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View Sample Pages : New Braunfels Herald Zeitung, September 09, 2001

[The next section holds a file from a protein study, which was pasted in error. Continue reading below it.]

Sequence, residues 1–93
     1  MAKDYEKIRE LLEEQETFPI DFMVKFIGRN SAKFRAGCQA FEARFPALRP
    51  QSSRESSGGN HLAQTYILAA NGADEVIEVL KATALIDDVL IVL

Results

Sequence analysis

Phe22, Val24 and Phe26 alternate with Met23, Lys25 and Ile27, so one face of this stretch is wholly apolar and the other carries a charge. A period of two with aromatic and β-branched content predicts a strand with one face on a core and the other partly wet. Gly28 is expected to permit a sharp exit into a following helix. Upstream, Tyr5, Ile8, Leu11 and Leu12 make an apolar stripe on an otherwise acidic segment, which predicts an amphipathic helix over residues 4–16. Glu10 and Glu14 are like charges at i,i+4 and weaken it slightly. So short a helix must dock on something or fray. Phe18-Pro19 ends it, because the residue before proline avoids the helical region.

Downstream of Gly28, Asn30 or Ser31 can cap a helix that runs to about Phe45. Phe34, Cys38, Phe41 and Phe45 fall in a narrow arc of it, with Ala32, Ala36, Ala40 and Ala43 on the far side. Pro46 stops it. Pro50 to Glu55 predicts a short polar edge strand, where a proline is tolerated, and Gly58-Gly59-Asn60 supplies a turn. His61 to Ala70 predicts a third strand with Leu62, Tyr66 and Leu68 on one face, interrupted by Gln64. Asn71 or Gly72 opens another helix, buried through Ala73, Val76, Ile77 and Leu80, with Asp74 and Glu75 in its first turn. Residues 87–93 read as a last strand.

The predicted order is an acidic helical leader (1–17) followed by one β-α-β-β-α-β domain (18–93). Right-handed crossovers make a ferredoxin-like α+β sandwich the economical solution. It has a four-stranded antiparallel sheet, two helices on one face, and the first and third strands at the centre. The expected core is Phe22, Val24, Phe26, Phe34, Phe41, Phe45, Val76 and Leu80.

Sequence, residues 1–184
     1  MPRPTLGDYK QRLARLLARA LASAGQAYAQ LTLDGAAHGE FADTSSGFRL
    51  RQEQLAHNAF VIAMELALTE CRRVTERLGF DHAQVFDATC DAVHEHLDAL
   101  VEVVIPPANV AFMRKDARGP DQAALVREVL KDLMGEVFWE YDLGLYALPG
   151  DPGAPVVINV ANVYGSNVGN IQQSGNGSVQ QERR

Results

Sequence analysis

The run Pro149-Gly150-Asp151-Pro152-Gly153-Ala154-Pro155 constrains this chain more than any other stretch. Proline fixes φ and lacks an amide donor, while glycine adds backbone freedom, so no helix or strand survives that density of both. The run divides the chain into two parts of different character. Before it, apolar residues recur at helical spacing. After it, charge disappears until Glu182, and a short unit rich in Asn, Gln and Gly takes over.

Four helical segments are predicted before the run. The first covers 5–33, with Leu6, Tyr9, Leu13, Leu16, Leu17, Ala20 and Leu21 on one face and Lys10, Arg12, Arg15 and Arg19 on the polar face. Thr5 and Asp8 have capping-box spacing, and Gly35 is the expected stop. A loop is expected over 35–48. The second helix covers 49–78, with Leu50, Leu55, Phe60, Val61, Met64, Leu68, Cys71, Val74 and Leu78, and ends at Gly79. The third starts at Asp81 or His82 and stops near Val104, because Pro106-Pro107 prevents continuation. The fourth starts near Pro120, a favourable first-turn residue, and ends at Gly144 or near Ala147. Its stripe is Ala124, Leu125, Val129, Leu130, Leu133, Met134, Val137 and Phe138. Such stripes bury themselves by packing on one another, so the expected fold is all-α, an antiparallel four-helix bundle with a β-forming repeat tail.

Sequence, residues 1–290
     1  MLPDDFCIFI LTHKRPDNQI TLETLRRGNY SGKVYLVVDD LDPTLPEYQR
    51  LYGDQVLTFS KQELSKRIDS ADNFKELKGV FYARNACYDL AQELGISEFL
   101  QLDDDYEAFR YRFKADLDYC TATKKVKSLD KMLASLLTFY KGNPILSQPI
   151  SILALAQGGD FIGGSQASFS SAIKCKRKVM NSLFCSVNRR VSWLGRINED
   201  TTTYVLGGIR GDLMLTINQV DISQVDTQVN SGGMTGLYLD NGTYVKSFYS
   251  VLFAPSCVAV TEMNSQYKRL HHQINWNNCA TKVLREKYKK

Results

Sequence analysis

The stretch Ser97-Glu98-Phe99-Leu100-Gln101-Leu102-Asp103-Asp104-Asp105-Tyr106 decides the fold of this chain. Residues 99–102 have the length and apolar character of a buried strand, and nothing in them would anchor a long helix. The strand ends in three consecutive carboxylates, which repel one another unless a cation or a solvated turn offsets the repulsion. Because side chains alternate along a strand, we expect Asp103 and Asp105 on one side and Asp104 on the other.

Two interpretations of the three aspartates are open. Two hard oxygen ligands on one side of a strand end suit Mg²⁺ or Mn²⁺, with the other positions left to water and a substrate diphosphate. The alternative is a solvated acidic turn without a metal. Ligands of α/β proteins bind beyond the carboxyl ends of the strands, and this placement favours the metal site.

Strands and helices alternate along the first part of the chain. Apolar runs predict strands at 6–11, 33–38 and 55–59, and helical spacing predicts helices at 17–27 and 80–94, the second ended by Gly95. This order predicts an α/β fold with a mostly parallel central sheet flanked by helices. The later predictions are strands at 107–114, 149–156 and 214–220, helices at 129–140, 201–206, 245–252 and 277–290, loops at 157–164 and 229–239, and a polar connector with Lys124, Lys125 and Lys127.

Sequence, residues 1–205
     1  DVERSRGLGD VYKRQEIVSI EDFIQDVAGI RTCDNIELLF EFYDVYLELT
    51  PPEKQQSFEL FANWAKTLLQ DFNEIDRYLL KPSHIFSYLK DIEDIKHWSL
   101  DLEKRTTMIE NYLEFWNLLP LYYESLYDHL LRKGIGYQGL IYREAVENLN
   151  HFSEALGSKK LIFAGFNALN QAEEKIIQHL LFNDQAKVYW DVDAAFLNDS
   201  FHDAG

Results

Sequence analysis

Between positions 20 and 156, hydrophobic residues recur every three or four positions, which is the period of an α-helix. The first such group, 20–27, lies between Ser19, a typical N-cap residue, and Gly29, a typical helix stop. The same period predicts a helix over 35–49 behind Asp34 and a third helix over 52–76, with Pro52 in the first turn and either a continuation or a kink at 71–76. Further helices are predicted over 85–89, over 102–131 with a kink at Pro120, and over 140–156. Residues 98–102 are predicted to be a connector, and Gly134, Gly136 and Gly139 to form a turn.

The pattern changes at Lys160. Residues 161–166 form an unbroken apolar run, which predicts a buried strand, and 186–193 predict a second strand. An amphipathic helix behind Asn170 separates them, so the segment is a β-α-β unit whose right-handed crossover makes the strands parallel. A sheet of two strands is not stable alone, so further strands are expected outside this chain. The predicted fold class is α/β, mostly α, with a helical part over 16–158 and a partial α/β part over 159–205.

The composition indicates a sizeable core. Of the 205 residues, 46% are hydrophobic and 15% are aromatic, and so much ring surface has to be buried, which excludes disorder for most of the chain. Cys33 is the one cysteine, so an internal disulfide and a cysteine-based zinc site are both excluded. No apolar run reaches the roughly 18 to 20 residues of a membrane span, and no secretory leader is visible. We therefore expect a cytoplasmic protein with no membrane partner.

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New Braunfels Herald Zeitung (Newspaper) - September 9, 2001, New Braunfels, Texas American Profile The legacy of a Family Farm/Inside LEISURE Uib VIM Award winners highlight September show/lnside New Braunfels Lifestyle Wine and song raise money for charity/inside SUNDAY September 9, 2001 48 pages in 5 sections x x    r~w Herald-Zeitung I .... f ' _ ' "! *?, ,'.v <■ x f ' ; Vol. 150 No. 259 Serving New Braunfels and Comal County since 1852 $1.00 City set to fatten; suit aims to tighten belt Annexation Scorecard ■ SLATED FOR THIRD AND Road 1044. FINAL READING OF ANNEXA ■ SLATED FOR SECOND TION ORDINANCES: READING: Northwoods; Hunter’s Creek Alves Lane/Barbarosa Road; ■ DROPPED FROM THIS Stonegate; YEAR’S PLANS: Southbank; T Bar M and Mission Valley Schmucks Road/Engel Road; Estates Hunter Road/Orion Drive; McAlister Ranch to Texas 46 Klein Road and Farm-to-Market Preiss Heights By Amy Clarkson Staff Writer About 539 new homes — and about five square miles — are scheduled to become part of the city of New Braunfels after a third annexation vote Monday night. If the ordinance passes, the city will extend its borders to include Northwoods; Alves La ne/Barbarosa Road; Stonegate; Southbank; Schmucks Road/Engel Road; Hunter Road/Orion Drive; Klein Road and Farm-to-Market 1044. Despite a lawsuit, the threat of injunctions and vocal protests from residents, city council will vote on the seven areas when its meets at 6:30 p.m. in council chambers. Council also scheduled a closed-door session with City Attorney Charlie Zech at 5:30 p.m. to discuss legal issues. City council must read and vote on any ordinance three times. An ordinance does not become law until it passes the majority of council at three separate meetings. Monday’s vote will set the effective date of annexation. Hunter’s Creek residents filed a temporary restraining order to prohibit council from voting to annex them. Because the restraining order omitted Hunter’s Creek from the second ordinance reading on Aug. 27, the city is one step behind with plans to annex that subdivision. A judge denied an injunction for Hunter’s Creek Friday afternoon, so See CITY/11 A River walk K. JESSIE SLATEN/Herald-Zeitung Marsha Glassford marks the time for Jessica Janowski as the walkers reach the finish line during Saturday’s Comal River Run/Walk in Landa Park. Final prep under way for ‘Taste of Home’ From Staff Reports Hundreds of people will fill the New Braunfels Civic Center on 'Thursday as the third Taste of Home Cooking School begins. Final preparations are under way for the Taste of Home Cooking School, Herald-Zeitung Advertising Director Angela Benson said. “We sold 900 tickets,” she said. “It’s totally sold out.” The event starts at 6:30 p.m., and doors open at 5 p.m. Benson recommends that those who do have tickets come early to sample food from Oma’s Haus and the Carriage Haus. Early arrivals can also check out the fall line from Pampered Chef, register for door prizes and see a Mary Ray Cosmet ics demonstration. “We have a lot of door prizes,” Benson said. “We’re giving away bags of free groceries. It’ll be a great night.” Since the show is sold out, no tickets will be sold at the door, Benson said. The Civic Center will be filled to capacity, she said. Every student at the Cooking School will receive a free cookbook and a bag of coupons. Conducted by Home Economist Margaret McCutcheon, will include on-stage preparation of IO recipes. She’ll also highlight some of the latest kitchen equipment, food products and cooking techniques. McCutcheon works as a home economist for Homemaker Schools in Greendale,What’s Up— WHAT: Taste of Home Cooking School WHEN: 6:30 p.m. Thursday WHERE: New Braunfels Civic Center FEATURED RECIPES: Mom’s Cheesy Manicotti; Black Bean Chicken Salad; Crunchy Peanut Brittle: Cranberry Apple Crisp; See It Disappear Shrimp Dip; Creamy Pesto Chicken and Bow Ties; Savory Vegetable Ribolitta; Chocolate Raspberry Cheesecake; Toasted S’more Bars: and Butterscotch Pumpkin Cake Wisconsin. She travels around the United States — to Kansas, Oklahoma, Tfexas, New Mexico and Arizona — conducting 40 Taste of Home Cooking Schools each year. She is a graduate of Texas See TASTE/5A Great stridesAnnual walk helps battle cystic fibrosis By Ron Maloney Staff Writer Beth Barry has three reasons for helping organize Saturday’s second annual Scooter Store Great Strides Walk to benefit cystic fibrosis — her children, Kaitlin, Ryan and Cullen. Two of them, Kaitlin, 6, and Ryan, 3, are afflicted with the genetic illness that attacks the lungs and digestive systems. Cystic fibrosis is a fatal genetic disease that afflicts about 30,000 children and young adults in this country. CF causes the body to produce an uncommonly thick and sticky mucus that impairs and damages the lungs, pancreas and digestive system. People with cystic fibrosis have trouble maintaining their weight even though they may eat large amounts of food. Kathy Mittler, Executive Director of the Lone Star Chapter of the Cystic Fibrosis Foundation, said it takes about 4,000 calories to maintain a child who has CF. That child’s average life expectancy is 32 years — drastically raised from seven years in the 1950s. The Cystic Fibrosis Foundation was formed in 1955 by a CF parent, Mittler said. The research is vital and is making inroads against the illness each year. “We really are makingSee STRIDES/5A K. JESSIE SLATEN/Herald-Zeitung The Scooter Store’s Debbie Featherston, Julie Cruz and Charity Spinks join Kaitlin, Ryan, Cullen and Beth Barry (from left)to take home their plaque for top sponsor at the annual Great Strides Walk Saturday morning at Schlitterbahn’s Rapids Pavilion. By the book: NB mom to tell how to face chronic illness By Ron Maloney Staff Writer Beth and Bill Barry’s daughter, Kaitlin struggled at age 14 months to gain weight and to grow, but it wasn’t really happening. The family consulted with medical professionals — including Kaitlin’s grandmother, Joyce Ramsey, who is a registered nurse. She suggested they get Kaitlin tested for cystic fibrosis. They asked their pediatrician. “Let’s rule it out,” he told them. But instead, he ended up ruling it in. What was it like to find out that the most impor- “We try to raise our children to understand everyone has challenges, and this is their particular challenge in lifer -— Beth Barry mother, author tant person in the world has what will ultimately be a fatal illness? It set the Barrys, New Braunfels residents, on a life-long mission to do what could be done to help find answers and hopefully a cure. And it set Beth Barry, an English professor at Texas See BOOK/5A Inside Abby.......................... .....2C Classifieds....................... .MOD Comics....................... .....6B Lifestyle.................. ...1C Forum........................... ......6A Local/Metro................. ......4A Movies........................... ......2C On the Record.............. ......7A Sports......................... ..1-5B Today........................... .....2A Stocks............................ .....8A Key Code 77 Trade show tickets still availablePeople pack the New Braunfels Civic Center for this past year’s Business Trade Show, hosted by the chamber of commerce. File photo From Staff Reports The Greater New Braunfels Chamber of Commerce will host its Business Trade Show Tuesday and Wednesday. Tuesday’s sneak preview event will take place from 6 to 9 p.m., and Wednesday’s main event will be from IO a.m. to 6 p.m. Both shows will be at the New Braunfels Civic Center. Tuesday’s show will feature 66 booths, entertainment, cocktails and hors d’oeu-vres. “This is a social and business networking opportunity that has really become the place to be,” trade show chair woman Lynn Limmer said. The Wednesday show will offer booths, door prizes, entertainment, a complimentary lunch at noon and a 4:30 p.m. happy hour. A new addition to the show is a silent auction, with 13 items up for grabs. The drawing for the grand prize, a cruise for two to New England and Canadian cities, will take place at 5:55 p.m. Registration for the prize will take place throughout Wednesday. Tickets are still available for Tuesday’s and Wednesday's shows. Tickets are $2 in advance or $3 at the door. For information, call 625-2385. ;